Apple extends exclusive rights to Liquidmetal in consumer products to Feb 2015

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Omega Seamaster Planet Ocean watch with Liquidmetal

Apple has extended its rights to the metal alloy material that it originally licensed from Liquidmetal Technologies in 2010 for exclusive use in consumer electronics products. The proof comes from a recent filing with the SEC:

On May 19, 2014, Liquidmetal Technologies, Inc. (the “Company”) and Apple Inc. (“Apple”) entered into an second amendment (the “Second Amendment”) to the Master Transaction Agreement that was originally entered into on August 5, 2010 (the “MTA”) and amended on June 15, 2012 (the “First Amendment”). Under the MTA and the First Amendment, the Company was obligated to contribute to Crucible Intellectual Property, LLC, a special purpose subsidiary of the Company, all intellectual property acquired or developed by the Company from August 5, 2010 through February 5, 2014, and all intellectual property held by Crucible Intellectual Property, LLC was exclusively licensed on a perpetual basis to Apple for the field of use of consumer electronic products under the MTA. Under the Second Amendment, the parties agreed to amend the MTA and the First Amendment to extend the February 5, 2014 date to February 5, 2015.

Up until now Apple has tested the material in its SIM card ejector tool that came with previous generation iPhones, but several rumors in recent years have claimed it could take advantage of Liquidmetal for batteries, screws or other components of its products. However, back in 2012, one of Liquidmetal’s inventors noted that Apple was likely still three to five years away from using the material on a large scale in products: Read more

Apple working on innovative solar charging system for MacBooks, iPads and iPhones

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An innovative approach to solar charging revealed in an Apple patent application published today (via Patently Apple) could make it more practical to power both MacBooks and iOS devices from the sun.

The voltage and power generated by a solar panel varies with the amount of sunlight. To turn the power supply into something that can safely be used by an electronic device, you need a converter or regulator to deliver the correct specs to the device, adding cost and bulk to the panel.

What the Apple patent describes is building the necessary power management circuitry into the MacBook, iPad or iPhone so that it can accept whatever power the panel supplies. This potentially allows for cheaper and more portable panels …  Read more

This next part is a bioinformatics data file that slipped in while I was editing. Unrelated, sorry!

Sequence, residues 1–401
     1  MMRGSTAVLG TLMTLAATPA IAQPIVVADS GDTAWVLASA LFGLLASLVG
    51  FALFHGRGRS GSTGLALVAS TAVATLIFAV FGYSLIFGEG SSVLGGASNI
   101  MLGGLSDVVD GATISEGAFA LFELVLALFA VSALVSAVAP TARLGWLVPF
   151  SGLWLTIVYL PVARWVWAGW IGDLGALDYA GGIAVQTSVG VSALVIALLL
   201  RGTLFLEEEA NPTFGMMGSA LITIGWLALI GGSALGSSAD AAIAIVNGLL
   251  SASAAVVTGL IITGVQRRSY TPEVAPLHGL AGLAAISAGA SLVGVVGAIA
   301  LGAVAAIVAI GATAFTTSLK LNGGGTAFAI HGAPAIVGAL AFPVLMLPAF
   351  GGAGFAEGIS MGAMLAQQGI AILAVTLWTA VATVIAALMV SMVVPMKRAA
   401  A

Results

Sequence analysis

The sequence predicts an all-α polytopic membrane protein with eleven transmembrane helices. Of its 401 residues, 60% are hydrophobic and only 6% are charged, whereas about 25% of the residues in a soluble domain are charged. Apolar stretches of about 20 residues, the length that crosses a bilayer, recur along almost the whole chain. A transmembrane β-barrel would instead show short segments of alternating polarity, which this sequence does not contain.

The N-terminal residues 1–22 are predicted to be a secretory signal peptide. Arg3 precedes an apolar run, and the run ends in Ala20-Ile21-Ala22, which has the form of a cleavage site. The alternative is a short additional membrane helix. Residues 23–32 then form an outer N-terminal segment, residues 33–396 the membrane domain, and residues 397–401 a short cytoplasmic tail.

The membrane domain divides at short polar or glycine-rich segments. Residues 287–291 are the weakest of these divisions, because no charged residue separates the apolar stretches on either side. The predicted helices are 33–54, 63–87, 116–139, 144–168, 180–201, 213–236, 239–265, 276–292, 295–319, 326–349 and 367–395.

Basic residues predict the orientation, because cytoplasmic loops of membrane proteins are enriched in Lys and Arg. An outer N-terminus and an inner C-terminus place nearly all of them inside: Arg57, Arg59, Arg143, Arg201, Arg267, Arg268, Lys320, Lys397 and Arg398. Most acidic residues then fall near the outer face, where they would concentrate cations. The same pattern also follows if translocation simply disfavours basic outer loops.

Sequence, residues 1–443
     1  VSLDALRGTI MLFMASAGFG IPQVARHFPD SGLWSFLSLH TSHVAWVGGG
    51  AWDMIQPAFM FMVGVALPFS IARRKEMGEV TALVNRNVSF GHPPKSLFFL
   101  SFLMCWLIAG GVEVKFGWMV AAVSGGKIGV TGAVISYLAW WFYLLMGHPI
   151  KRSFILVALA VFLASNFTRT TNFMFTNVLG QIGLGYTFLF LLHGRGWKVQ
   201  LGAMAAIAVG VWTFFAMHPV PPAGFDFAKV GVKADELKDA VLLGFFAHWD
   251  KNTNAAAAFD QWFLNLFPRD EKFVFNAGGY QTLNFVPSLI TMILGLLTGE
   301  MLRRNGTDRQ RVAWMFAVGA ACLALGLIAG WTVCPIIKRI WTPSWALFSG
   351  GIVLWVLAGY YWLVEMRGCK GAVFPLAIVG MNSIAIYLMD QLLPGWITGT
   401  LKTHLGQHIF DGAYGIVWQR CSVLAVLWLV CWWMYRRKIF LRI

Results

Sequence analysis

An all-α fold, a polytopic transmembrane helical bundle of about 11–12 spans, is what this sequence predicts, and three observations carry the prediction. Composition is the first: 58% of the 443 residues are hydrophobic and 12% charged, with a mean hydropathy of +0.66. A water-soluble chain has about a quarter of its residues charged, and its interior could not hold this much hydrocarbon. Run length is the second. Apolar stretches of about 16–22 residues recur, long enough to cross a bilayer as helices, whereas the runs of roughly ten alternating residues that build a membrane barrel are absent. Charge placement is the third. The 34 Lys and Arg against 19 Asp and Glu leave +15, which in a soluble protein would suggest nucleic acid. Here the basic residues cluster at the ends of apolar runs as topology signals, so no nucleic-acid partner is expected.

Apple’s SEC filing reveals Feb. 27 annual shareholder meeting, Cook’s 2012 compensation, and Human Rights committee proposal

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Apple filed documents today with the U.S. Securities and Exchange Commission to announce the next annual shareholder meeting held at the company’s headquarters on Feb. 27, 2013.

The proxy statement revealed CEO Tim Cook’s compensation in 2012 equaled less than $4.2 million, but it also detailed six proposals shareholders would vote on at the meeting. The notable proposals include the election of the company’s board and whether Apple should have a “Board Committee on Human Rights”.

Cook’s 2012 compensation included $1.36 million in salary with no stock awards and a $2.8 million incentive plan, where as his 2011 compensation totaled $378 million. However, last year’s mammoth figure included $376.2 million in stock awards that he’ll earn over a decade.

As for the board, Apple seeks to re-elect Cook, Chairman Arthur Levinson, and directors Al Gore, William Campbell, Millard Drexler, Robert Iger, Andrea Jung, and Ronald Sugar. Apple’s board decidely recommended in the filing that shareholders vote against a proposal to have a Human Rights committee.

The proposal originated from common stock owner John Harrington, who owns at least $2,000 in market value stock, and he wishes to create a separate board committee on Human Rights that would “review the implications of company policies, above and beyond matters of legal compliance, for the human rights of individuals in the US and worldwide.”

The board said the committee isn’t necessary, because Apple is “committed to the highest standards of social responsibility and human rights wherever we do business.”

As for details on the executives’ salaries, check out the table below from the SEC filing:

Read more